Prepare Reproducible Example Code via the Clipboard
Convenience wrapper that uses the 'rmarkdown' package to render
small snippets of code to target formats that include both code and output.
The goal is to encourage the sharing of small, reproducible, and runnable
examples on code-oriented websites, such as <https://stackoverflow.com> and
<https://github.com>, or in email. The user's clipboard is the default source
of input code and the default target for rendered output. 'reprex' also
extracts clean, runnable R code from various common formats, such as
copy/paste from an R session.
Given R code on the clipboard, selected in RStudio, as an expression (quoted or not), or in a file …
- run it via
- with deliberate choices re: arguments and setup chunk.
Get resulting runnable code + output as
- Markdown, formatted for target venue, e.g.
so, or as
- R code, augmented with commented output.
Result is returned invisibly, placed on the clipboard, and written to a file. Preview an HTML version in RStudio viewer or default browser.
Install from CRAN:
or get a development version from GitHub:
On Linux, you probably want to install
xsel, so reprex can
access the X11 clipboard. This is ‘nice to have’, but not mandatory. The
sudo apt-get install or
sudo yum install installation methods
should work for both xclip and xsel.
Let’s say you copy this code onto your clipboard:
(y <- 1:4) mean(y)
reprex(), where the default target venue is GitHub:
A nicely rendered HTML preview will display in RStudio’s Viewer (if you’re in RStudio) or your default browser otherwise.
The relevant bit of GitHub-flavored Markdown is ready to be pasted from your clipboard:
``` r (y <- 1:4) #>  1 2 3 4 mean(y) #>  2.5 ```
Here’s what that Markdown would look like rendered in a GitHub issue:
(y <- 1:4) #>  1 2 3 4 mean(y) #>  2.5
Anyone else can copy, paste, and run this immediately.
Instead of reading from the clipboard, you can:
reprex(mean(rnorm(10)))to get code from expression.
reprex(input = "mean(rnorm(10))\n")gets code from character vector (detected via length or terminating newline). Leading prompts are stripped from input source:
reprex(input = "> median(1:3)\n")produces same output as
reprex(input = "median(1:3)\n")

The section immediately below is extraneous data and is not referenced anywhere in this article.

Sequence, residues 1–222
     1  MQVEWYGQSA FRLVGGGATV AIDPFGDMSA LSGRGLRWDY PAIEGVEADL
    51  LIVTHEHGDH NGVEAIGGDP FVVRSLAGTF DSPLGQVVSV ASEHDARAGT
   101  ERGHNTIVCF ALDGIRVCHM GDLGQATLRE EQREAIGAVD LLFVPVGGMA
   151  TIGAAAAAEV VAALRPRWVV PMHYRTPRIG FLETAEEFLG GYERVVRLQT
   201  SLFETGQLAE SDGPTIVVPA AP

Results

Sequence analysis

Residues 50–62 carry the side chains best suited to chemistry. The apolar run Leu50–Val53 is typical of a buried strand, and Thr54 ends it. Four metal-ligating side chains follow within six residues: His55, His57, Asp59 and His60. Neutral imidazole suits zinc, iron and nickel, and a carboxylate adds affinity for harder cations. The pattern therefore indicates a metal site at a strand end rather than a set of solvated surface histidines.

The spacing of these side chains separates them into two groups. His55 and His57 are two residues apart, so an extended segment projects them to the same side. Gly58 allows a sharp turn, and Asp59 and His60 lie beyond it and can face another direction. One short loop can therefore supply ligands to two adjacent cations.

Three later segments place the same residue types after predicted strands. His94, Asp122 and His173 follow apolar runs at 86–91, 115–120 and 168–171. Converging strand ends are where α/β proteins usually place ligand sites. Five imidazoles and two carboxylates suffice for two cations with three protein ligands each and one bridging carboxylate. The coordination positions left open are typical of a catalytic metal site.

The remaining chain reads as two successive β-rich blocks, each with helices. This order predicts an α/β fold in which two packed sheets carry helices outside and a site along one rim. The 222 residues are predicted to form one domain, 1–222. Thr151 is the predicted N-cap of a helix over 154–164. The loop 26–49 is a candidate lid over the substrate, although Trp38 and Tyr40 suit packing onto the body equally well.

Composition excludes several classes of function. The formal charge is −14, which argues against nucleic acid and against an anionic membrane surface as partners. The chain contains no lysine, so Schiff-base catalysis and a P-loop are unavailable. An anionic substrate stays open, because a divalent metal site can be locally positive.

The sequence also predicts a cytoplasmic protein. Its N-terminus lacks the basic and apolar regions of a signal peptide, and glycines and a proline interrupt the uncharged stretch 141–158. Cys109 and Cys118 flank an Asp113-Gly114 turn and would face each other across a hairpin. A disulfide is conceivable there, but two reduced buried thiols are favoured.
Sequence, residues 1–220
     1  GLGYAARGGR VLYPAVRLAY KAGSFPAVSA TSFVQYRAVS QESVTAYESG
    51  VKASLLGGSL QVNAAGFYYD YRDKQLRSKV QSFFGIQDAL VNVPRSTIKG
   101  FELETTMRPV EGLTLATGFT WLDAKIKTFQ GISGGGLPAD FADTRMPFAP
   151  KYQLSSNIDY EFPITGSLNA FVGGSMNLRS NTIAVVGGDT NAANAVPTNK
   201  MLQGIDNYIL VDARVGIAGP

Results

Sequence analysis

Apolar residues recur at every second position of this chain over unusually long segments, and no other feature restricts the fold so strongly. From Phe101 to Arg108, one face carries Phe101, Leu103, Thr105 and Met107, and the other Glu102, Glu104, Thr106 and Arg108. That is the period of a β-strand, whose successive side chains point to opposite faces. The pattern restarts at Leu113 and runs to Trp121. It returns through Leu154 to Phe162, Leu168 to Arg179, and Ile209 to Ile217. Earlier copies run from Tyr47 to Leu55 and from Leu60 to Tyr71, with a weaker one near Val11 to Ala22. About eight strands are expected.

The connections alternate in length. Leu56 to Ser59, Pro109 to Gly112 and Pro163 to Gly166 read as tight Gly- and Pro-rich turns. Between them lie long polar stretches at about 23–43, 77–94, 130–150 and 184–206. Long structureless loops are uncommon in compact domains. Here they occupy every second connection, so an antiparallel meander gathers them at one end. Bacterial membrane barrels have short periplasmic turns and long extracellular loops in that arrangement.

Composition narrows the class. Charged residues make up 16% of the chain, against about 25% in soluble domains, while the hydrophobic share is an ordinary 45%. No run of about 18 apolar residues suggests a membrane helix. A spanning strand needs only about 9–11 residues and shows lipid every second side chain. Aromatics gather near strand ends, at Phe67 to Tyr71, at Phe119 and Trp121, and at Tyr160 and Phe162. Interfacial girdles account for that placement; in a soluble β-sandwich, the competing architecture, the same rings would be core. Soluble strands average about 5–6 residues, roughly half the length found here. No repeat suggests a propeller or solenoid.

reprex(input = "my_reprex.R")gets code from file
Use one of the RStudio add-ins to use the selected text or current file.
But wait, there’s more!
Set the target venue to Stack Overflow with
reprex(..., venue = "so").
Get a runnable R script, augmented with commented output, with
reprex(..., venue = "R"). This is useful for Slack, email, etc.
Prepare rendered, syntax-highlighted code snippets to paste into Keynote or PowerPoint, with
reprex(..., venue = "rtf"). This feature is still experimental; see the associated article for more.
By default, figures are uploaded to imgur.com and the resulting URL is dropped into an inline image tag.
outfileargument to control where results are left behind. Use
outfile = NAto work in current working directory.
Get clean, runnable code from wild-caught reprexes with
reprex_invert()= the opposite of
reprex_clean(), e.g. when you copy/paste from GitHub or Stack Overflow
reprex_rescue(), when you’re dealing with copy/paste from R Console
Please note that the reprex project is released with a Contributor Code of Conduct. By contributing to this project, you agree to abide by its terms.
Functions in reprex
|un-reprex||Un-render a reprex|
|opt||Consult an option, then default|
|reprex-package||reprex: Prepare Reproducible Example Code via the Clipboard|
|reprex||Render a reprex|
|reprex_addin||Render a reprex|
Vignettes of reprex
Last month downloads
|License||MIT + file LICENSE|
|SystemRequirements||pandoc (>= 1.12.3) - http://pandoc.org|
|Packaged||2019-05-16 13:41:23 UTC; jenny|
|Date/Publication||2019-05-16 16:20:05 UTC|
|imports||callr (>= 2.0.0) , clipr (>= 0.4.0) , fs , rlang , rmarkdown , utils , whisker , withr|
|suggests||covr , devtools , fortunes , knitr , miniUI , rprojroot , rstudioapi , shiny , styler (>= 1.0.2) , testthat (>= 2.0.0)|
|depends||R (>= 3.1)|
|Contributors||David Robinson, RStudio, Hadley Wickham, James Hester|
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